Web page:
NHAY - A Needle in the Haystack
Write a program that finds all occurences of a given pattern in a given input string. This is often referred to as finding a needle in a haystack.
The program has to detect all occurences of the needle in the haystack. It should take the needle and the haystack as input, and output the positions of each occurence, as shown below. The suggested implementation is the KMP algorithm, but this is not a requirement. However, a naive approach will probably exceed the time limit, whereas other algorithms are more complicated... The choice is yours.
The input consists of a number of test cases. Each test case is composed of three lines, containing:
- the length of the needle,
- the needle itself,
- the haystack.
The length of the needle is only limited by the memory available to your program, so do not make any assumptions - instead, read the length and allocate memory as needed. The haystack is not limited in size, which implies that your program should not read the whole haystack at once. The KMP algorithm is stream-based, i.e. it processes the haystack character by character, so this is not a problem.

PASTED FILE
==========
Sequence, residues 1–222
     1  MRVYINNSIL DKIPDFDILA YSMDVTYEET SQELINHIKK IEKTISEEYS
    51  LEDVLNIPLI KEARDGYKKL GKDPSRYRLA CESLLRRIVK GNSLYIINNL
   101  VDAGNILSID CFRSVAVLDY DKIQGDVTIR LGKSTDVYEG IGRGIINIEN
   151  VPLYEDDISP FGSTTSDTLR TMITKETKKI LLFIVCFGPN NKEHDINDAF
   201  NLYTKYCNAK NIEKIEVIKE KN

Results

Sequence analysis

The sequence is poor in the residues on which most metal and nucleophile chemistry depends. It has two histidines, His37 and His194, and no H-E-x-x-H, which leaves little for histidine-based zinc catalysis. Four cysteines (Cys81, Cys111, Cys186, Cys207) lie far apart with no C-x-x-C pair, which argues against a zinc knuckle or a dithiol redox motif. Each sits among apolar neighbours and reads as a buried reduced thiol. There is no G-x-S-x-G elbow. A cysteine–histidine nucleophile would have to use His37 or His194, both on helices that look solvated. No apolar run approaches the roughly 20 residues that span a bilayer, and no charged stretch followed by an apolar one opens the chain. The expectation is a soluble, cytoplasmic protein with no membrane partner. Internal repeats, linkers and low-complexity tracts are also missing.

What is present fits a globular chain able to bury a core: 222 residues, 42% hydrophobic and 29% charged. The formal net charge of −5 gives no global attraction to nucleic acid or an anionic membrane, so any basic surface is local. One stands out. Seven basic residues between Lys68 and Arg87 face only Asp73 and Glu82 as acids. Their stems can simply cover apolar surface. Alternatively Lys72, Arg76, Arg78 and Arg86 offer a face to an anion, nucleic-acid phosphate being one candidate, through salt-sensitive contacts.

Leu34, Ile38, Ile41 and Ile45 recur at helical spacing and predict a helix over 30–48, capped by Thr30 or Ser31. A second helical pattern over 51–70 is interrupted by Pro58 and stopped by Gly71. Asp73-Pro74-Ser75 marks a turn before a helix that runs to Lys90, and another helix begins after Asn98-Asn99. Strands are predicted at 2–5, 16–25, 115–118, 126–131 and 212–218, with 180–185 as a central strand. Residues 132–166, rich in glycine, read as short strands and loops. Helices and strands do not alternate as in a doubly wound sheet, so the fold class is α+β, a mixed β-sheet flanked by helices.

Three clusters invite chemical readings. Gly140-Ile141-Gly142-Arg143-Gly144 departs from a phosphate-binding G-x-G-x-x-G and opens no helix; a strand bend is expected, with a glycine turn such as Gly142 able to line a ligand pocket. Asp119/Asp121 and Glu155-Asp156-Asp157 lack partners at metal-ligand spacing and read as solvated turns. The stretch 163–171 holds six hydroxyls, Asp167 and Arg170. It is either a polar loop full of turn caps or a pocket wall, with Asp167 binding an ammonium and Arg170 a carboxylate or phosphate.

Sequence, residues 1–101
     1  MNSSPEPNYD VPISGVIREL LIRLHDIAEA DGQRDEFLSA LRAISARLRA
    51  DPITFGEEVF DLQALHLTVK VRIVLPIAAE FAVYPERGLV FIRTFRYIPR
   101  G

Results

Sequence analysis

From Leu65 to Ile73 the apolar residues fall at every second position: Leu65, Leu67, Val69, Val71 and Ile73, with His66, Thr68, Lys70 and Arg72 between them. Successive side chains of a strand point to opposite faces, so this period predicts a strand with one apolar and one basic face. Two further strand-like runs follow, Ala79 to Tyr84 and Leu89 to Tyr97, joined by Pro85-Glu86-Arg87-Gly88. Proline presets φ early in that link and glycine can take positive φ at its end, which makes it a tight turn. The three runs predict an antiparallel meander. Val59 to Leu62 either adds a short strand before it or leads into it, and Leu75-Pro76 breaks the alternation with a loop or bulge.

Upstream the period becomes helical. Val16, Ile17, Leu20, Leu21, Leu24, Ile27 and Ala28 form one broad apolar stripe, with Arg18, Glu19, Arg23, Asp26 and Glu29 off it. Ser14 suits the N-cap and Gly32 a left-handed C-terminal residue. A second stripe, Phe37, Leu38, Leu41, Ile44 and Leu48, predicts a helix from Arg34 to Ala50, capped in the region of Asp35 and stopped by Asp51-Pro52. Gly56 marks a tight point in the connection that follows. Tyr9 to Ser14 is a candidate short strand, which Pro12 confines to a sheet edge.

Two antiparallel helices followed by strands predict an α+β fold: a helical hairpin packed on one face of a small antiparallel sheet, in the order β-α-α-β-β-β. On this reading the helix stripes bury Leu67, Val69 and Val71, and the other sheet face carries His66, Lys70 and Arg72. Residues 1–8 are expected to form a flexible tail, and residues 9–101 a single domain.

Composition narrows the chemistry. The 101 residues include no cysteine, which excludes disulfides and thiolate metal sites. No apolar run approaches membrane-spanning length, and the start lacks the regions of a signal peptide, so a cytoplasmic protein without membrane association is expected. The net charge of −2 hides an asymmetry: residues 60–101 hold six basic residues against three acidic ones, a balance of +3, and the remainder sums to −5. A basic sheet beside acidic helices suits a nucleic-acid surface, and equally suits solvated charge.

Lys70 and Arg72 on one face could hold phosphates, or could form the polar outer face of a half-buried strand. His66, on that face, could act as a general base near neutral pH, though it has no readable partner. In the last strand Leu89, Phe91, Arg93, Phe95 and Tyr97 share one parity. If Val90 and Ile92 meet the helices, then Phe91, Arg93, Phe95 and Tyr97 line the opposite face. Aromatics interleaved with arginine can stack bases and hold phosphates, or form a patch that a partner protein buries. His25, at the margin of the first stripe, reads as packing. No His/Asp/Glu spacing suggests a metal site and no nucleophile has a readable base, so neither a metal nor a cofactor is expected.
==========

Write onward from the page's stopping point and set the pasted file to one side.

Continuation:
The test cases come one after another, each occupying three lines, with no additional space or line breaks in between.
For each test case your program should output all positions of the needle's occurences within the haystack. If a match is found, the output should contain the position of the first character of the match. Characters in the haystack are numbered starting with zero.
For a given test case, the positions output should be sorted in ascending order, and each of these should be printed in a separate line. For two different test cases, the positions should be separated by an empty line.
Sample input: 2 na banananobano 6 foobar foo 9 foobarfoo barfoobarfoobarfoobarfoobarfoo
Sample output: 2 4 3 9 15 21
Note the double empty line in the output, which means that no match was found for the second test case.Warning: large Input/Output data, be careful with certain languages
while((scanf("%d",&n)!=EOF) gives tle
no white spaces in the input
C++ users - use getline!!! test cases contain white spaces.
no need of kmp, even naive algorithm got accepted.
The problem was created in 2004, so my guess is that back then memory limits where tighter, therefore naive algorithms couldn't pass tests. Now with 1536MB of memory anything can get accepted
@pavanjupalli check your kmp function.
it shows tle ,even i apply kmp algo,any help please?
just keep trying :)),
it is true that brute force (stl) is passing in 0.43
NAIVE ALGORITHM ALSO WORKS